14 Are they not all ministering spirits sent forth to minister for those who will inherit salvation?

Angels are God's servants. They have a place, a real place, in His work. Angels are used by God to protect (e.g. Psalm 91:11), they rejoice when sinners are saved (e.g. Luke 15), they bring people to their eternal places (Luke 16), and they open prison doors and set captives free (Acts 5 and 12). But Jesus is not counted among their number. Jesus is their Master. Jesus is superior and supremely above them. Jesus is God. Jesus is God's Supreme revelation of Himself.

As we come to the end of chapter one in Hebrews maybe you noticed something in the context that is a valuable lesson for us. From verse five to the end of the chapter eight verses of scripture are quoted or alluded to as the basis for what is being asserted about Jesus (verse 5: Psalm 2:7 and 2 Sam. 7:13-14; verse 6: Deut. 32:43 and Psalm 97:7; verse 7: Psalm 104:4; verse 8-9: Psalm 45:6-7; verses 10-12:Psalm 102:25-27; and verse 13: Psalm 110:1). What does this tell us? It tells us inspired scripture is the basis of God's revelation and should be quoted or referenced as the basis of any God ordained, God approved, God authorized authority about His truth. A point being made is as powerful and authoritative as it is based on scripture. Just like we see scripture referenced here to make a point and substantiate a point we should rely on scripture when we make points too. There is no getting around God's word. If we want the truth, if we want to know God, if we want to know His will, we must go too His word and base our decisions and doctrine on His word. Context teaches us this in this first chapter and therefore context is shown as an important aspect of God's word as well as our studies in God's word. Remember that as you continue in the study of His word and pursuit of living in His presence.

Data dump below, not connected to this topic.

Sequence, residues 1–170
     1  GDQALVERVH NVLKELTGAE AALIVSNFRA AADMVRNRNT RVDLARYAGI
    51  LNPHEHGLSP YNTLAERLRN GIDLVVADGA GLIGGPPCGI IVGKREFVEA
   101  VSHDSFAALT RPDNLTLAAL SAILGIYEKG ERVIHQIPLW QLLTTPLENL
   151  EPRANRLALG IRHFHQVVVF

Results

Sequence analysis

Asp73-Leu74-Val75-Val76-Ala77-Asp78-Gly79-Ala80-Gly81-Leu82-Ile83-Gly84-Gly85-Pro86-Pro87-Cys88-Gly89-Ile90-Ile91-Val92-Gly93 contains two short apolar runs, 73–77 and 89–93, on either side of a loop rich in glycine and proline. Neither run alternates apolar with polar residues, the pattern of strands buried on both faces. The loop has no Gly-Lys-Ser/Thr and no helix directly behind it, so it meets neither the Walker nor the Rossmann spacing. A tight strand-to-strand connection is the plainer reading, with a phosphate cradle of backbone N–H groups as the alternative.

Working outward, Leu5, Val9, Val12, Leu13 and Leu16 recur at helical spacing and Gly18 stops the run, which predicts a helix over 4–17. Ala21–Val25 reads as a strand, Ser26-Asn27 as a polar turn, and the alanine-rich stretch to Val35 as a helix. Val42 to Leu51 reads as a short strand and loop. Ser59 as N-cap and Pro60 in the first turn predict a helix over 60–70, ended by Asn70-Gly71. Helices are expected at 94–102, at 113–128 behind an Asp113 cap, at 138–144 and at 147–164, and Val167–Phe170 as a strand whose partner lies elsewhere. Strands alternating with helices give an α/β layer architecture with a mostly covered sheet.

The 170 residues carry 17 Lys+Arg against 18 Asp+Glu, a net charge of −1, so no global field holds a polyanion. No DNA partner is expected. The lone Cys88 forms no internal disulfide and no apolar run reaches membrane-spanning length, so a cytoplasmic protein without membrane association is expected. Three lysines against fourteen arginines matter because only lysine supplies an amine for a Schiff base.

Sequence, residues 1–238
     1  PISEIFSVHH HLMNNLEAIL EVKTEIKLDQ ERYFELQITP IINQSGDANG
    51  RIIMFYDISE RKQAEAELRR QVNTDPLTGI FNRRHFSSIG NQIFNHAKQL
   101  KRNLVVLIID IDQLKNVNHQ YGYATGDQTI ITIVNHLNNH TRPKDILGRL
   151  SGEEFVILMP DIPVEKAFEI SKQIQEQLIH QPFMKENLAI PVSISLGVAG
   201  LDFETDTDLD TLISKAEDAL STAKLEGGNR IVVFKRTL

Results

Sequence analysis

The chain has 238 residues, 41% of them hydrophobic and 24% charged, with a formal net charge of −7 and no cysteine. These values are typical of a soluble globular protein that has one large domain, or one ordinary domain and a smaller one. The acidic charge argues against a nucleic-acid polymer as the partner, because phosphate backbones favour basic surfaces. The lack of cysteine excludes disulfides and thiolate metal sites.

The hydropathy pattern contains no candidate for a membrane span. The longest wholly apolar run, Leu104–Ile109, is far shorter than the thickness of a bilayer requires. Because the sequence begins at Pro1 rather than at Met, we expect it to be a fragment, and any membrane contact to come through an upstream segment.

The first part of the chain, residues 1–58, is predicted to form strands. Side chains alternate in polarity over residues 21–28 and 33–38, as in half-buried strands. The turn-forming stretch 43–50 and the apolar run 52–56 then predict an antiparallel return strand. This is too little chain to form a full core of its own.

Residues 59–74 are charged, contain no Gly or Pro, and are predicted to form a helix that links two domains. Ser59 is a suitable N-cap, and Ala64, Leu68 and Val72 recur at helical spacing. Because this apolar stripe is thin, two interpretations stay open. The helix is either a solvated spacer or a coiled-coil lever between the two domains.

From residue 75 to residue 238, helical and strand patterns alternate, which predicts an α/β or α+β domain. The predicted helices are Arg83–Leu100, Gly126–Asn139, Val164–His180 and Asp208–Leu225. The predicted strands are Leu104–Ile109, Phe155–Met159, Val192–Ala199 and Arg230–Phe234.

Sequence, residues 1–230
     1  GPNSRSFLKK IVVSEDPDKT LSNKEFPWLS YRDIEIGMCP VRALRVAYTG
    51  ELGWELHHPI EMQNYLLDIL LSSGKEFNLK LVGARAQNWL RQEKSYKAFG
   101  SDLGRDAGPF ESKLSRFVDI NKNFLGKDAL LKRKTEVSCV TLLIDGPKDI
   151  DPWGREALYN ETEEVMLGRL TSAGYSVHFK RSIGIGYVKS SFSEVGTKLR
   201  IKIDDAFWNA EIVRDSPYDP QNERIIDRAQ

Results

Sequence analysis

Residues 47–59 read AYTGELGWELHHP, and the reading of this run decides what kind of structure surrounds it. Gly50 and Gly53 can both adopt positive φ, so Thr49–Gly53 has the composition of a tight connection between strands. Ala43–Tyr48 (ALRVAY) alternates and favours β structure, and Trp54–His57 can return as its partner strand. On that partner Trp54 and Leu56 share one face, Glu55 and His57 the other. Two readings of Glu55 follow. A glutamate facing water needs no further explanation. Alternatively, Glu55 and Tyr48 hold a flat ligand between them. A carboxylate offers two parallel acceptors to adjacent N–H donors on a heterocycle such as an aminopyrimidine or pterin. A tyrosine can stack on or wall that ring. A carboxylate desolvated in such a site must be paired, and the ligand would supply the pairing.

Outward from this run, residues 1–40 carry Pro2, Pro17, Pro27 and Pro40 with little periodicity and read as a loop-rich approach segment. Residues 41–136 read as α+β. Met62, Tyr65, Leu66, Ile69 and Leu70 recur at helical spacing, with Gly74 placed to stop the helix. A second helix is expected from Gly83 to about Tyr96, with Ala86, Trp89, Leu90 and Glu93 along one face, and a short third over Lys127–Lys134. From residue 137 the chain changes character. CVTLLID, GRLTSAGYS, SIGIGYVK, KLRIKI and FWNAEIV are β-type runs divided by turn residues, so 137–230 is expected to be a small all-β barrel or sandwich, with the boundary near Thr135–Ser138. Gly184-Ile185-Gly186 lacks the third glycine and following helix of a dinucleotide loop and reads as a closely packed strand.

[1] A.W. Tozer, Experiencing the Presence of God: Teachings from the Book of Hebrews. (Bethany House Pub.: Bloomington, Minn.) 2010. Kindle edition  2011.  Excerpts from chapter one "Striving Toward God's Presence."
[2] Ibid. Tozer at the end of chapter one.
[3] Courson, J. (2003). Jon Courson’s Application Commentary (p. 1435). Nashville, TN: Thomas Nelson.
[4] Courson, J. (2003). Jon Courson’s Application Commentary (pp. 1440–1441). Nashville, TN: Thomas Nelson.
[5] Courson, J. (2003). Jon Courson’s Application Commentary (p. 1442). Nashville, TN: Thomas Nelson.
[6] Courson, J. (2003). Jon Courson’s Application Commentary (p. 1443). Nashville, TN: Thomas Nelson.
[7] Courson, J. (2003). Jon Courson’s Application Commentary (p. 1436). Nashville, TN: Thomas Nelson.
[8] Courson, J. (2003). Jon Courson’s Application Commentary (p. 1436). Nashville, TN: Thomas Nelson.
[9] Courson, J. (2003). Jon Courson’s Application Commentary (p. 1446). Nashville, TN: Thomas Nelson.
[10] Courson, J. (2003). Jon Courson’s Application Commentary (p. 1438). Nashville, TN: Thomas Nelson.